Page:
Nearly all the jewels were sold during an auction the French government conducted in 1887, and only a few of them survive in original condition. Several of the larger items were broken up before the auction . Others have been dismantled in the years since, and a number of the diamonds have been recut.
An important wedding was held at 1865:
Princesse Anne Murat 1841-1924 married Antoine-Just-Léon-Marie de Noailles, 9e prince de Poix, 6e duc espagnol de Mouchy.
The members of the imperial family of France attend and amazing jewels are given to the bride, which was a closed friend of the Empress Eugenie of France.
Zwei Königskinder – zweier Königsfamilien heirateten 1924 in Bad Mergentheim. Die Braut, Princessin Nadeshda, wurde von der Großmutter des Bräutigams, Herzogin Maria Theresia und ihrer Schwester der Prinzessin Eudoxie von Bulgarien und der Bräutigam von seinem Vater Herzog Albrecht von Würtemberg und dem ehemaligen Zaren Ferdinand von Bulgarien dem Vater der Braut, zum Altar geführt.
Unter den Gästen befanden sich die Geschwister des Bräutigams Herzog Philipp Albrecht und Herzogin Marie Margarete, ferner Herzog und Herzogin Robert sowie Herzog Ulrich von Württemberg. Kyrill von Bulgarien der Bruder der Braut und Prinz und Prinzessin Johann Georg von Sachsen, der Herzog von Coburg mit Tochter und die Familien der Häuser Hohenlohe und Leiningen.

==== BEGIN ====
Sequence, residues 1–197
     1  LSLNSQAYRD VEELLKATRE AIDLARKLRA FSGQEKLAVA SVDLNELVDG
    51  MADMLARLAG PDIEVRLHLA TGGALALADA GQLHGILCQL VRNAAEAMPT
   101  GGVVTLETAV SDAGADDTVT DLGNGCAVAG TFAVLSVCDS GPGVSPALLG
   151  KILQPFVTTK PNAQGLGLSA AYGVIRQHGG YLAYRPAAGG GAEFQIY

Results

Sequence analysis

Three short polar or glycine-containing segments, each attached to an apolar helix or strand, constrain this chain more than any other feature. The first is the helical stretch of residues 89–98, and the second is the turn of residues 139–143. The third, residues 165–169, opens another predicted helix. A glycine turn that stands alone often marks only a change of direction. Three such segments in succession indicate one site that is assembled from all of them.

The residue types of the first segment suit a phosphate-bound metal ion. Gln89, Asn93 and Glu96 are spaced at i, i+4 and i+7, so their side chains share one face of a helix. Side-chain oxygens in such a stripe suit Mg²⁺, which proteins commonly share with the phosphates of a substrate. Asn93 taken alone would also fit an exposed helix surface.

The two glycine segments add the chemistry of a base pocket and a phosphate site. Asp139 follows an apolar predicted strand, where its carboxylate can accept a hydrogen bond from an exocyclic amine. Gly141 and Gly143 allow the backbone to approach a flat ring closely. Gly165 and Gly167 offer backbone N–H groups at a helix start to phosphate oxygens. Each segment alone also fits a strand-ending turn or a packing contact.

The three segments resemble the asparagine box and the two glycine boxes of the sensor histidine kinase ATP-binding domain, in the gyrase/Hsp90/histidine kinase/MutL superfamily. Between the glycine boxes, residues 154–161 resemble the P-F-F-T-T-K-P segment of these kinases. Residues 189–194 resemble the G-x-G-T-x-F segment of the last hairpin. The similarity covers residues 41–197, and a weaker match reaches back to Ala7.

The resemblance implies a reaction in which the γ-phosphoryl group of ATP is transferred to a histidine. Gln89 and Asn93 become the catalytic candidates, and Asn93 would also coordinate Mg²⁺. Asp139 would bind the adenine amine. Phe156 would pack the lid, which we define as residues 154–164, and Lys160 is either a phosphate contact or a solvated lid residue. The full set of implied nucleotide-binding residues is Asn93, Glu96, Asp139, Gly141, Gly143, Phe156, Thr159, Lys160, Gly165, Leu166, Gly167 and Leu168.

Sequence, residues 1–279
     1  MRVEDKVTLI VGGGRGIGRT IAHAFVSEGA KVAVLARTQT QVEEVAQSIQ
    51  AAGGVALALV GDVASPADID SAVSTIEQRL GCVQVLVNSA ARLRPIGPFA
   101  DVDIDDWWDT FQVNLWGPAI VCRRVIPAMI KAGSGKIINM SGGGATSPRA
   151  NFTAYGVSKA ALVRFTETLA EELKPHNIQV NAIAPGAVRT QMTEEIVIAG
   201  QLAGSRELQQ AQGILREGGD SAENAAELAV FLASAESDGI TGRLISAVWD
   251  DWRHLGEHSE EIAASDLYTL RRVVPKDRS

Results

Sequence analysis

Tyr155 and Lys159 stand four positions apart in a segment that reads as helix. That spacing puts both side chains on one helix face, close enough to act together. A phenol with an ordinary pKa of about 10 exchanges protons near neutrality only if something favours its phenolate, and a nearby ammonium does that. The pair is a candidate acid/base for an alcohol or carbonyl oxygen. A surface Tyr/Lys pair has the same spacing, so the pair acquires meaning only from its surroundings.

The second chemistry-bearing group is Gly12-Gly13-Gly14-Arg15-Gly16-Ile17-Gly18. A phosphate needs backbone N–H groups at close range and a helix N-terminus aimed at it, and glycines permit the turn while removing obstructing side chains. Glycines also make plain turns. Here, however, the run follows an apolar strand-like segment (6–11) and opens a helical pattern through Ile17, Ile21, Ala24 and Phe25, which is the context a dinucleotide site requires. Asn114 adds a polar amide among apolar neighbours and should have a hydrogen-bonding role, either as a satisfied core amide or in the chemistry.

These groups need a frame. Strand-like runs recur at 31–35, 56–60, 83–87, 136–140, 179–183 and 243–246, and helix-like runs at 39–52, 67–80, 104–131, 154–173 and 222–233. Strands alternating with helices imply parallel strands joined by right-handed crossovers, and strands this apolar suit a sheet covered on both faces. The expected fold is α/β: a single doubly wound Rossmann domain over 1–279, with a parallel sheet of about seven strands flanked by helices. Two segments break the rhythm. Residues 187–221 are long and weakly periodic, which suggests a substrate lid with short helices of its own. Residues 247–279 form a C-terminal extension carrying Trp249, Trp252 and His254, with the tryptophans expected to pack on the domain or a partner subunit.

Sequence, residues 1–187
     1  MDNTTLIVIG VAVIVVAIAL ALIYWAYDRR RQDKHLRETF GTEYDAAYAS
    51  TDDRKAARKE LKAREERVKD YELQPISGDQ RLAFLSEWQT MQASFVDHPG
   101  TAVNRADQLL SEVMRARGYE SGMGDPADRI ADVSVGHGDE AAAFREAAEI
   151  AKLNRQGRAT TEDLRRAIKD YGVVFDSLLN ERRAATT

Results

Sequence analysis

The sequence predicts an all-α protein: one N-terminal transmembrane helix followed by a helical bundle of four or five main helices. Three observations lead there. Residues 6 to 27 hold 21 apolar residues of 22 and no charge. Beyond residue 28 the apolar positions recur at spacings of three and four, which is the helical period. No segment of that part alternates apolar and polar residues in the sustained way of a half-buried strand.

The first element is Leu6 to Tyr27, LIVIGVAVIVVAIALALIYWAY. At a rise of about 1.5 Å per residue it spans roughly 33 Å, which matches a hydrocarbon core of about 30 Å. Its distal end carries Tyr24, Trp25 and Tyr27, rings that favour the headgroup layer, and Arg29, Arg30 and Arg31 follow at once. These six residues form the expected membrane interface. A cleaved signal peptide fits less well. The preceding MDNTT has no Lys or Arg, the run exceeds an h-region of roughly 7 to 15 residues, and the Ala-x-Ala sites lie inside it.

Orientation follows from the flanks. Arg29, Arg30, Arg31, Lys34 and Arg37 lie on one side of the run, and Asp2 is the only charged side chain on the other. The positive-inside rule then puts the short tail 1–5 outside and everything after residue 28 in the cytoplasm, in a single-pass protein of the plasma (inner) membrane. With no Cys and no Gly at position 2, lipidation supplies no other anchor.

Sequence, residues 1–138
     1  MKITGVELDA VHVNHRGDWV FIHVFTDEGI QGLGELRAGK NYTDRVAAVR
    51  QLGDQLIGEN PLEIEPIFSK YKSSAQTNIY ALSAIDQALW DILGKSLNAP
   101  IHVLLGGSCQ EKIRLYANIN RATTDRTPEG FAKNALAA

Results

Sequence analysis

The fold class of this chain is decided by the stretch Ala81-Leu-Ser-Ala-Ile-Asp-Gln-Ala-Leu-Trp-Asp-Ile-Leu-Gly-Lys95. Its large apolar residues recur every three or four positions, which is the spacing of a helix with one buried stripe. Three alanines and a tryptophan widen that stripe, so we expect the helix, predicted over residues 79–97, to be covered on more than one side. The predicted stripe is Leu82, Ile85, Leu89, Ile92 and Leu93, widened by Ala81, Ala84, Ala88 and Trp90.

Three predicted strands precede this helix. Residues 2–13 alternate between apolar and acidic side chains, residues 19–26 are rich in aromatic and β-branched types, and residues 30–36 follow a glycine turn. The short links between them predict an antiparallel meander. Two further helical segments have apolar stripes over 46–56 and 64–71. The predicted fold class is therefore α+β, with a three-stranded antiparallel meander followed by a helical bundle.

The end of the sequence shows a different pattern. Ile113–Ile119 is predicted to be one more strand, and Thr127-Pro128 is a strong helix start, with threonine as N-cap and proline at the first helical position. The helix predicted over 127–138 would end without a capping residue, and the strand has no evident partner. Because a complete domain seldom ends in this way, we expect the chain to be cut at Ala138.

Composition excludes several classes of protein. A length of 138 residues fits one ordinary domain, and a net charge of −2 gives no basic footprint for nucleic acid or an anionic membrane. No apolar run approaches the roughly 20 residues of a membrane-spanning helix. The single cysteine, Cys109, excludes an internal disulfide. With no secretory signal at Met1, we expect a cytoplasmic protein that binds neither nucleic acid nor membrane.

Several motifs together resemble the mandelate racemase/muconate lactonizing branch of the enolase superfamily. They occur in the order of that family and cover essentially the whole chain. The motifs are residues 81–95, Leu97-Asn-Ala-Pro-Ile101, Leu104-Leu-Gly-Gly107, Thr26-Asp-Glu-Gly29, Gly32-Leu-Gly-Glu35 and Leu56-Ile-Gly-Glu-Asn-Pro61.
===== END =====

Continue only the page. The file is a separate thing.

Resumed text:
Die Prinzessin Nadeshda trug Familienschmuck, der vorher ihrer Grossmutter der Prinzessin von Frankreich, Herzogin Clementine von Sachsen-Coburg-Gotha gehörte. Mehr zu der Geschichte und der Historie von den Juwelen und Schmuck>>
Royal Wedding of two royal families in 1924 in Bad Mergentheim. The bride Princess Nadshda, was led by the grandmother of the groom, Duchess Maria Theresia and her sister Princess Eudoxie of Bulgaria and the groom from his father Duke Albrecht of Wurtemberg and the Tsar Ferdinand of Bulgaria, to the altar.
Among the guests were the sisters of the bridegroom Duke Philipp Albrecht and Duchess Marie Margarete, also Duke and Duchess Robert and Duke Ulrich of Württemberg. Kyrill of Bulgaria the bride’s brother and Prince and Princess Johann Georg of Saxony, the Duke of Coburg with daughter and the families of the homes Hohenlohe and Leiningen.
The princess wore family jewelry that belonged to her grandmother Princess of France, Duchess Clementine of Saxe-Coburg-Gotha >>
In 1856 the crown jeweler Bapst created a comb for Empress Eugenie using diamonds from the French crown jewels. The head ornament had nine long diamond pendants called pampilles or aiquillettes.
At the auction of the French crown jewels in 1887, Tiffany’s bought four pampilles and sold two of them to Junius Spencer Morgan, the wealthy patriarch of the renowned merchant banking family.
He put these 2 pampilles in the safe with this order:
The contents of this box „2 diamond pendants from the Crown Jewels of France“ as described in the papers which accompany them are the property of my daughter Mary Ethel Burns.
They were handed to me by her Grandfather on the 29th June 20/88 to be held in Trust for her.
Walter H. Burns.
It was an exquisite and amazing present to his granddaughter May Burns.
She remounted the pampilles and the twenty-eight diamonds into a fringe necklace. It is said that the old-mine cut diamonds are I to J in colour, SI to I1 clarity in lively brilliance.
The historic Dowager Viscountess Harcourt Diamond Necklace went to Tiffany & Co., on auction in October 2015, who first purchased the 28 diamonds on the necklace at the 1887 French Crown Jewels auction in Paris. US$1,548,718 / CHF 1,505,959 Source:Sotheby’s;